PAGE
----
While Canada, Mexico and the United States reached the USMCA trade deal in recent months, some farming groups will lobby to make sure the agreement is signed and becomes official, while those negatively impacted will seek adequate financial compensation.

Carbon tax

Alberta and B.C. already have a carbon tax in place and farmers in other provinces will be hit with the federal levy on January 1, 2019. 

The Alberta and B.C. governments both have exemptions for the agriculture sector, including on purple farm fuels, but farmers do have to pay the increased expense on propane, natural gas and other fuels.

Hilgartner described the impact as “incremental,” but said any added cost is challenge because farmers can’t pass those costs on to consumers. Farmers receive whatever price the market is willing to pay.

“Anything that could make us uncompetitive, we will watch,” he said.

Besides the tax, farm groups say they also want to discuss carbon offset programs and other regulations.

Alberta’s carbon tax was introduced in 2017 and the rate increased in 2018. The levy will say at $30/tonne until 2021.

Research money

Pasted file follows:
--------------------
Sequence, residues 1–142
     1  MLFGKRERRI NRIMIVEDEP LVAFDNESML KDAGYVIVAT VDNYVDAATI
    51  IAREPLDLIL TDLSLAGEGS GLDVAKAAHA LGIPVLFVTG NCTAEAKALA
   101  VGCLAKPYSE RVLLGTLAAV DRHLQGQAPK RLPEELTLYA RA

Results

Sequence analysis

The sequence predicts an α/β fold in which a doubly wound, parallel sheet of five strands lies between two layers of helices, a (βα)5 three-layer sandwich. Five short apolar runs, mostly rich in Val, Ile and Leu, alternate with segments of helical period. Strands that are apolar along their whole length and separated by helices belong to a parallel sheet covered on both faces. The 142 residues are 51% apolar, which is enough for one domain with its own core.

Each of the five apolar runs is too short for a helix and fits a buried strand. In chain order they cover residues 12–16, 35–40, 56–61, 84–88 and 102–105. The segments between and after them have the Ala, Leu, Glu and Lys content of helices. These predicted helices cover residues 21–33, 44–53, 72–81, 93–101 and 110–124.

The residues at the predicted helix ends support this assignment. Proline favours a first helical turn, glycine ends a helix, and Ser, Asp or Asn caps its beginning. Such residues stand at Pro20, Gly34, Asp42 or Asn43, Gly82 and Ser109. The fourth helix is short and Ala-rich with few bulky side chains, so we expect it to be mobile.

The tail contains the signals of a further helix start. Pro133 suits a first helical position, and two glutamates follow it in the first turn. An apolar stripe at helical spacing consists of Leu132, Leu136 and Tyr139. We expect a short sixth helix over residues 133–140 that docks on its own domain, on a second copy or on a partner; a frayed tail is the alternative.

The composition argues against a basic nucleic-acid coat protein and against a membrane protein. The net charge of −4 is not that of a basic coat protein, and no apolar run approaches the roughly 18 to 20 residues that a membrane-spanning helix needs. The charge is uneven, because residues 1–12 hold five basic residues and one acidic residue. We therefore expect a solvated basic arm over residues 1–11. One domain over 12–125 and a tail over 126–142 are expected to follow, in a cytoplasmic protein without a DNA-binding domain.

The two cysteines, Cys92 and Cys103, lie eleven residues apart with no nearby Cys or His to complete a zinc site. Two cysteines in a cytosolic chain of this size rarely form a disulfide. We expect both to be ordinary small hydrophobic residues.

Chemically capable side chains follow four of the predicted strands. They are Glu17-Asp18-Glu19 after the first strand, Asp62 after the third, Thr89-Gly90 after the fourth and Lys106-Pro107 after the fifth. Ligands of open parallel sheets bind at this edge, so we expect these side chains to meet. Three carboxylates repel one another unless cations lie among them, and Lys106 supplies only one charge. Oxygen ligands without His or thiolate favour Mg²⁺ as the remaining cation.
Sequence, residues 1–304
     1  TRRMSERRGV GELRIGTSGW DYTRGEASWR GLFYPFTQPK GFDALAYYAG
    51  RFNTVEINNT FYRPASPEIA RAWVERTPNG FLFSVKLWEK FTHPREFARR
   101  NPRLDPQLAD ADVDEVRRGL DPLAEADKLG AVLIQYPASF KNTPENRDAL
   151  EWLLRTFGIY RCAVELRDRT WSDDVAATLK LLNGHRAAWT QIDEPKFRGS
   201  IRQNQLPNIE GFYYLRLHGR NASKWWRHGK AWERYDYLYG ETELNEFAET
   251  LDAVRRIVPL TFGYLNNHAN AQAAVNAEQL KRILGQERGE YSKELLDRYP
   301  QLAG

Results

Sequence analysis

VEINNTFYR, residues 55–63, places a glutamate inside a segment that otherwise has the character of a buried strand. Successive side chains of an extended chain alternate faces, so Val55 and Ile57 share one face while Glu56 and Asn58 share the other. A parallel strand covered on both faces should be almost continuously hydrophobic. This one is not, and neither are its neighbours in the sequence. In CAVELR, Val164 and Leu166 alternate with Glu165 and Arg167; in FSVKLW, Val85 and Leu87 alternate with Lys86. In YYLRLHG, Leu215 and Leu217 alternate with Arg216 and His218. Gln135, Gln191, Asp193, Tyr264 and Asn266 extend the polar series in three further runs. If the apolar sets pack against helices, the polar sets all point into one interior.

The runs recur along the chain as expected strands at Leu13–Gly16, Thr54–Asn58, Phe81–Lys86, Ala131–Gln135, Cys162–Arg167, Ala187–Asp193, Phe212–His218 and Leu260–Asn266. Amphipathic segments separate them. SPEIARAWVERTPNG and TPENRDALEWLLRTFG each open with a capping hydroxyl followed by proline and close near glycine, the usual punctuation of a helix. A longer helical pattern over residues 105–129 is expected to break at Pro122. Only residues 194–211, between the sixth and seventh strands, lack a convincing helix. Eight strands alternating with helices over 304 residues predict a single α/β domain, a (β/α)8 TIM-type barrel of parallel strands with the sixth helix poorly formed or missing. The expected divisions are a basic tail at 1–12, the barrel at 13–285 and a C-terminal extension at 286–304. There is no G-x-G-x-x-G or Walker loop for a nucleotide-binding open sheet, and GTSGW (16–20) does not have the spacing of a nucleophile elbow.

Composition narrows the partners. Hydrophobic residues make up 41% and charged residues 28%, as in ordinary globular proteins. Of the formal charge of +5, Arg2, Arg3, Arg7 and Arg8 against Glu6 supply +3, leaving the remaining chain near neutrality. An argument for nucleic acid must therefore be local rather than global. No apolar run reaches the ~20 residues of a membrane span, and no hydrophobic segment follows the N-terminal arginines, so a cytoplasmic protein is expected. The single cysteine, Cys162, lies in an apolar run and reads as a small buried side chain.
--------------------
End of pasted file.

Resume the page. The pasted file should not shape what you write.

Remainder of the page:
Some farmers want cash to further research issues such as crop production, marketing and product development.

Lenz, with Alberta Barley, said public research dollars have dried up in the province, leaving his organization to pickup the tab.

“We’ve seen a lack of that in the last four years with the current government,” he said.

Alberta Barley is pushing political parties in the province for cash towards research projects such as crop production, marketing and product development. 0:45

Alberta Barley will be meeting with the NDP and the UCP to press both parties for commitments on this issue.

“They need to understand [this] is very important to us.”

Spread of disease

Outside of the crop sector, few people have heard of fusarium head blight before, but the disease has spread across the country, even to Prince Edward Island. The fungus impacts crops such as wheat, barley, oats and corn, and has cost Canadian farmers between $50 million to $300 million annually since the early 1990s.

The Alberta government took a zero-tolerance approach to the disease to stop its spread. However, farmers now want the government to change their stance since fusarium is already beyond containment.

The provincial government has an in-depth management plan for the disease, however some argue loosening the zero tolerance approach to the disease could open the doors for more research into how to treat fusarium and develop resistant seed.